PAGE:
|Per 16 oz.||$3.99||6¢||27¢|
Save over 90% vs. store-bought kombucha
Brewing with our system makes it exceptionally easy
to make your own kombucha at home.
ACT 1: Brew tea for kombucha
Put desired amount of tea into disposable kombucha.com Drawstring Filter Bags (tea balls and muslin bags not recommended for this blend). PRO TIP: tea will expand in water, so only fill your tea bags up about half way, otherwise bags may burst.
Add your sugar and filtered water to a pot, heat to a rolling boil, then add filled tea bags. Immediately remove from heat, cover, and allow to cool to room temperature. Remove tea bags. PRO TIP: Need to cool your brew more quickly? Use only 1/4 to 1/3 of the total water to boil, allow tea to steep, then add the remainder at chilled or room temperature.
Add your cooled brew to your scoby and starter liquid. Cover with a piece of cloth (or kombucha.com Fer-Mesh) and an elastic band, then place in a well-ventilated area between 72-80 degrees. Do not place in direct sunlight.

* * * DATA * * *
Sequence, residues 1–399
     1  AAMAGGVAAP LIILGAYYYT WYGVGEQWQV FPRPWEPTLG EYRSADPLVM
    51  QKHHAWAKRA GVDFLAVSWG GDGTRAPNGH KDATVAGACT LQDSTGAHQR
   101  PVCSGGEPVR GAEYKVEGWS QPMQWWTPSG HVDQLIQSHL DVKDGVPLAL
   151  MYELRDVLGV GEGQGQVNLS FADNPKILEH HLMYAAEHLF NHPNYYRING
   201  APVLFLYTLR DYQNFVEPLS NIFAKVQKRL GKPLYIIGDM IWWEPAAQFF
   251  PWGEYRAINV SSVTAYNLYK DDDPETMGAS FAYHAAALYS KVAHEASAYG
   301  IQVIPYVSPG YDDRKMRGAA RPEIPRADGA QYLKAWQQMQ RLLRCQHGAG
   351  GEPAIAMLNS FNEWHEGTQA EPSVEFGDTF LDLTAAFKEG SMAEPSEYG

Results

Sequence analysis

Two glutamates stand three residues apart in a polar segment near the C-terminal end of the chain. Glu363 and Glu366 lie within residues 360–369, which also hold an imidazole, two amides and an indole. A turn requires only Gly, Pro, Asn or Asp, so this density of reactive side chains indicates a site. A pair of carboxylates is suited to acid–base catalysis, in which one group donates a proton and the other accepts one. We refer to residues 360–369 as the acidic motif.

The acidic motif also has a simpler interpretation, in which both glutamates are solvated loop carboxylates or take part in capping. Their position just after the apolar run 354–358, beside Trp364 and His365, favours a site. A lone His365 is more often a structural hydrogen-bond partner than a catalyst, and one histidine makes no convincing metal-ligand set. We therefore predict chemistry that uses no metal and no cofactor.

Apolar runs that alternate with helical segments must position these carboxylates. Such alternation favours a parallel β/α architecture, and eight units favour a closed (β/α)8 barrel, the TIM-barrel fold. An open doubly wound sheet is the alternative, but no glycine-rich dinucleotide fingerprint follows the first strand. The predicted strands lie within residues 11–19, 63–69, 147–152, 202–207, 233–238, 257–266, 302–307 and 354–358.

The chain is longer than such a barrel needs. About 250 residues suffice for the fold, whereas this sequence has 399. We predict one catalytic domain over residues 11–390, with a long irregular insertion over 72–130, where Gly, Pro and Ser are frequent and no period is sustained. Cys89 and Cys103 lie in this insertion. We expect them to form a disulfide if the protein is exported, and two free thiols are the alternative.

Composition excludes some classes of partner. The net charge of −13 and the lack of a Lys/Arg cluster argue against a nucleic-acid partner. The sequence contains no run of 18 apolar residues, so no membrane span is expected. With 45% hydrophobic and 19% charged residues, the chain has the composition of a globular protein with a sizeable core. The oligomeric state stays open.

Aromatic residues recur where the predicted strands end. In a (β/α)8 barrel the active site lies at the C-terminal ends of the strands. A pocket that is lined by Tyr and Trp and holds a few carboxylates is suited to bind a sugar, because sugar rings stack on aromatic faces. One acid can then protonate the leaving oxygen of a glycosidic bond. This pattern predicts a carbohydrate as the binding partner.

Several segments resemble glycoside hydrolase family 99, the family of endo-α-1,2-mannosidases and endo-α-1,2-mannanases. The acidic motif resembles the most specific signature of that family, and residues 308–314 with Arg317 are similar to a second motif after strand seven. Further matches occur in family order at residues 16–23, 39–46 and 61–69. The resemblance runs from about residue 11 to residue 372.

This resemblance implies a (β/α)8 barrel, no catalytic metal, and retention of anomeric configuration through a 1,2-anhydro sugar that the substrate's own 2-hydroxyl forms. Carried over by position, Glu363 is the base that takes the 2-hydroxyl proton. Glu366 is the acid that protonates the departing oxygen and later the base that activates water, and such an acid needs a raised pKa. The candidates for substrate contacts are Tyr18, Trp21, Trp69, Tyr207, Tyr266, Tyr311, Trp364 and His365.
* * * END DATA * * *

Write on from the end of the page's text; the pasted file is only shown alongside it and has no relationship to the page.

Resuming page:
ACT 2: Ferment your booch
Allow your brew to ferment for 5-10 days (warmer >temperatures take less time), or until your brew reaches desired flavor.
Optional: flavor withkombucha.com Brew Booster or your favorite booch fixins, and bottle for secondary fermentation. Enjoy your creation!
ENCORE: Boost your brew with Brew Booster
For kombucha and other living beverages, reserve your scoby
and/or any starter liquid needed for your next batch, before adding
Brew Booster. Use during first (primary) fermentation not
Put desired amount of BrewBooster into muslin bag or tea ball and add to your brew (drawstring paper filter bags not recommended). Muslin bag or tea ball is not required, but you’ll likely want to strain later
Put your brew in the refrigerator and allow to steep for 4-72 hours, or longer (the longer it steeps, the stronger the flavor). Optional: for kombucha and other living beverages, leave at room temperature for higher levels of carbonation.